Let's tackle another one. A classic crowd pleaser for decades: Lasagna! When we think of lasagna, we typically think of 4 things: Tons of Meat, cheese, sauce, and pasta. Truth be told, ANYTHING can go in a lasagna. Lasagna simply means "to stack". This is a great meal to have kids help out with because they help by sprinkling in the ingredients that you have laid out. By helping to prepare the meal, they are more engaged, and will be more likely to consume what is made. When it comes to cooking mise en place very important, but for lasagna, it is wicked important. When putting a veg layer in, I generally use veg that is cut into thin disks. This helps the layers stay nice and flat. Alternate meat and veg layers and you will find that you need 1/2 the meat you normally do, but you have managed to put in 3-4 squash, zucchinis, or 1-2 eggplants. I've even used cucumbers once (by accident) and it gave the final taste a bright, summery flavor. Chopped spinach leaves can be dispersed sparingly throughout for a hint of color.

Let's do one more. Let's talk about some of those casserole type meals like Pot Pies. Whenever I am making my chicken pot pie, shepherd's pie, or soups/stews, I ALWAYS throw in more veg than recipes typically call for. For example, my beloved Julia's recipe for Beef Bourguignon (beef stew) calls for only 1 carrot. Honey, please. People are already expect there to be vegetables in these types of dishes, so why not add a little more? They add a color, brightness, and flavor. Adding an extra couple of carrots or 1/2 cup of peas while pulling out 1/4 lb of meat isn't going to throw off the balance of these meals. If you cooked every single day, in one week you would have saved almost 2 lbs. of meat. At the rate that I listed above, that's almost $10.

What other recipes could you (legitimately) beef up with veg? Let me hear your ideas!

Are you making any changes you that you have read about? What did you do, how much did you save, and what did you learn? Tell me about it in the comments!

Thursday, June 23, 2011

Get More Bang for Your Food Budget Buck Series Part III: Turning Cheap Cuts of Meat Into Stellar Meals.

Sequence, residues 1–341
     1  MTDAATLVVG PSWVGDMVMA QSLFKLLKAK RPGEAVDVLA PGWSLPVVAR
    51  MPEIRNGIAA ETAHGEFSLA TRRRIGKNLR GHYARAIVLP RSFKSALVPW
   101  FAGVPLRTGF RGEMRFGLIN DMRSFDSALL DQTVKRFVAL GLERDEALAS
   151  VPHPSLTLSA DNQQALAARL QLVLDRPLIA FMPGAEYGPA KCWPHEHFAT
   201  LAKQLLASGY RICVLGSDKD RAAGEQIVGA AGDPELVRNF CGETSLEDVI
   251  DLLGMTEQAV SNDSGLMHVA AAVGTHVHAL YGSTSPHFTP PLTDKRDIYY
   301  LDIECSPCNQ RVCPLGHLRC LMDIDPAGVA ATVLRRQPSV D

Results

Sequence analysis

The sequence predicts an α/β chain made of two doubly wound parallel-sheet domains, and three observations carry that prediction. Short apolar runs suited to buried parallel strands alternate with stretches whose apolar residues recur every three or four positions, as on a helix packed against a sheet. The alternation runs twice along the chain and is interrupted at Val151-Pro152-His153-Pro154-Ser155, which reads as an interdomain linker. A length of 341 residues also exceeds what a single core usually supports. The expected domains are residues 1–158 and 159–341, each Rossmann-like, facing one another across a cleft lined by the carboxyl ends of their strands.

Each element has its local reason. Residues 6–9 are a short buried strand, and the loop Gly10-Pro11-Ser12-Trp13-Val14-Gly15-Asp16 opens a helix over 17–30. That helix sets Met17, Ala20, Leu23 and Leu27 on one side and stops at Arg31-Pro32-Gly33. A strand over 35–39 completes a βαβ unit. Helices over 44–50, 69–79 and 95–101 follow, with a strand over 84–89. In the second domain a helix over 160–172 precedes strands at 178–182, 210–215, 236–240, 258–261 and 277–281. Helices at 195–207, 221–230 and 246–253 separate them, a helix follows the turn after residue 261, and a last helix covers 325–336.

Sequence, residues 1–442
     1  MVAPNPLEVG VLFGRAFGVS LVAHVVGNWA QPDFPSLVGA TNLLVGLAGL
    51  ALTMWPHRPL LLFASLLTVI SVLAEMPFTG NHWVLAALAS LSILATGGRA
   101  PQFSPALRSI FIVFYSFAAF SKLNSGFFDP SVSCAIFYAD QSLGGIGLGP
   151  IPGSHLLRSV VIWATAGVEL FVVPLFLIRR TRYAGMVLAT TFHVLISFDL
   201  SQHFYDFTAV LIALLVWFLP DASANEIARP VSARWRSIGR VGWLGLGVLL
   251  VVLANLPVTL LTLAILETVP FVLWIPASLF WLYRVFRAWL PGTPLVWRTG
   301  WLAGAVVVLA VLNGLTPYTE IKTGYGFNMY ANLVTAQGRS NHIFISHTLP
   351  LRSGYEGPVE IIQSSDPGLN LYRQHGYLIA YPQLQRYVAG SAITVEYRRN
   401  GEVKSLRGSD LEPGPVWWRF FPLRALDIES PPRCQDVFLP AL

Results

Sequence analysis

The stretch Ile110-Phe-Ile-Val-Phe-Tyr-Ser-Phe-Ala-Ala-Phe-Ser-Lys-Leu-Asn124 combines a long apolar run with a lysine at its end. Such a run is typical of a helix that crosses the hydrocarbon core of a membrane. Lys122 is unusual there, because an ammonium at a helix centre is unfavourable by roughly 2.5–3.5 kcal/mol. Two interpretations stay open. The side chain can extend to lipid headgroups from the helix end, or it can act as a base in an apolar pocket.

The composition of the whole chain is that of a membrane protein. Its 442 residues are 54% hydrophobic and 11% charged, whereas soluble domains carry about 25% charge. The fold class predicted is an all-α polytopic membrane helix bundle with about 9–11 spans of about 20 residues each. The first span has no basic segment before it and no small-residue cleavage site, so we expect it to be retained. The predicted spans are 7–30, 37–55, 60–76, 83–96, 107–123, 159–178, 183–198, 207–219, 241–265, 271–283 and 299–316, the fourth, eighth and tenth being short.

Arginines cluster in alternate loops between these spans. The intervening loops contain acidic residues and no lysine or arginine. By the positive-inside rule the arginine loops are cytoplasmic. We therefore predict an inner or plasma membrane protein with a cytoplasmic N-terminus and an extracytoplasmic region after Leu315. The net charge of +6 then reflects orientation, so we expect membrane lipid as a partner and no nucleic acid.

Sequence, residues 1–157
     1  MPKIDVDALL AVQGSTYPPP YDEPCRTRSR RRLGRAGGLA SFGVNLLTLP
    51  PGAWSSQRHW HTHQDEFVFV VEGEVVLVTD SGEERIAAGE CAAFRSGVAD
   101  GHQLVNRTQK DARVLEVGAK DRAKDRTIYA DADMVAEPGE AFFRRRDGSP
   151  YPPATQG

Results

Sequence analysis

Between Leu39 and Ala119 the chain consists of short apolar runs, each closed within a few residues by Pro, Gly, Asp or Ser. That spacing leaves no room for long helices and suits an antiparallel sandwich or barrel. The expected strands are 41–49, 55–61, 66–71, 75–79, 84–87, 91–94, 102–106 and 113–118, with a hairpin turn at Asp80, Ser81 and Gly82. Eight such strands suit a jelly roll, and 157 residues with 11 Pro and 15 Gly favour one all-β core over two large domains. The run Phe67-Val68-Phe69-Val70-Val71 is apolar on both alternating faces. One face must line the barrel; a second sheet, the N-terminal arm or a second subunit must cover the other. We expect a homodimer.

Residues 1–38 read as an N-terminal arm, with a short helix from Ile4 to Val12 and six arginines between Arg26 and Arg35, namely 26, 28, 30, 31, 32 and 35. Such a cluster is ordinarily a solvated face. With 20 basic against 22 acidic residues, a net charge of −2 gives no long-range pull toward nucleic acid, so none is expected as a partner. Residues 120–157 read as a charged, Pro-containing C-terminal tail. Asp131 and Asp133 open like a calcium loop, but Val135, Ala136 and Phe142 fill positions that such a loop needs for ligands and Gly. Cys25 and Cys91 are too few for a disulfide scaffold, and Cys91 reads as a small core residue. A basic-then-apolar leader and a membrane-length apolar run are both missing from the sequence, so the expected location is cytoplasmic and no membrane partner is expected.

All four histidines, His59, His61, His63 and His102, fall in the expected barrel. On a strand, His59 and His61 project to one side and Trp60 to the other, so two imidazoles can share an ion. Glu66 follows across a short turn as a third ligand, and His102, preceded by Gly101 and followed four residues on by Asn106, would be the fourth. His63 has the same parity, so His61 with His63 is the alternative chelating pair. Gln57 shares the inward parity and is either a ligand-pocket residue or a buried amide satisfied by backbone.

The Art of Braising

Meat is usually the most important expensive part of an entire meal. However, you don't have to live off ground chuck and bulk boneless, skinless chicken breasts to save a few bucks on meat. We've already talked about turning your single chicken breast piece into 2 portions by making cutlets, but we can do better. Let's talk a little about braising.

Braising is a fancy term that basically means cooking a piece of meat at a low temperature for a long period of time. (Low and Slow). Braising is not the technique you want to use when you are trying to whip out dinner in thirty minutes. However, if you are going to be working around the house all day, say on a weekend, putting a hunk of meat in the oven to braise all day will result in an awesome meal by dinner time. What's also cool as this big effort will likely produce leftovers you can eat on a couple days, or freeze for another time. You also don't have to constantly be checking on these meals. Check on them every hour or two only! Here's the low down.

Braising was developed as a method for cooking cheap, otherwise unpalatable cuts of meat. Some cuts of meat that are commonly braised are roasts, briskets, pork butt (which is really the shoulder by the way), stews, dark meats on birds, or meats that have lots of connective tissue. These meats are tough because they are big muscles that the animal uses a lot. Think of a man with 6 pack abs, if you punched it really hard, it would be really tough. Same concept. 

So how does braising work? Think of braising as similar to a hot sauna. When you first walk in you are totally shocked by the heat and you tense all up, but after awhile your muscles relax and you just turn to putty. That's basically braising.

So what special tools do you need to braise? Truth be told, you don't need any fancy equipment to braise; however, there are a variety of ways to do it if you do have gadgets gathering dust. You can braise in a cast iron dutch oven, corning ware (ceramic dishes), earthen ware pots with lids, and a crock pot. Lost the lid? We can work with that, too.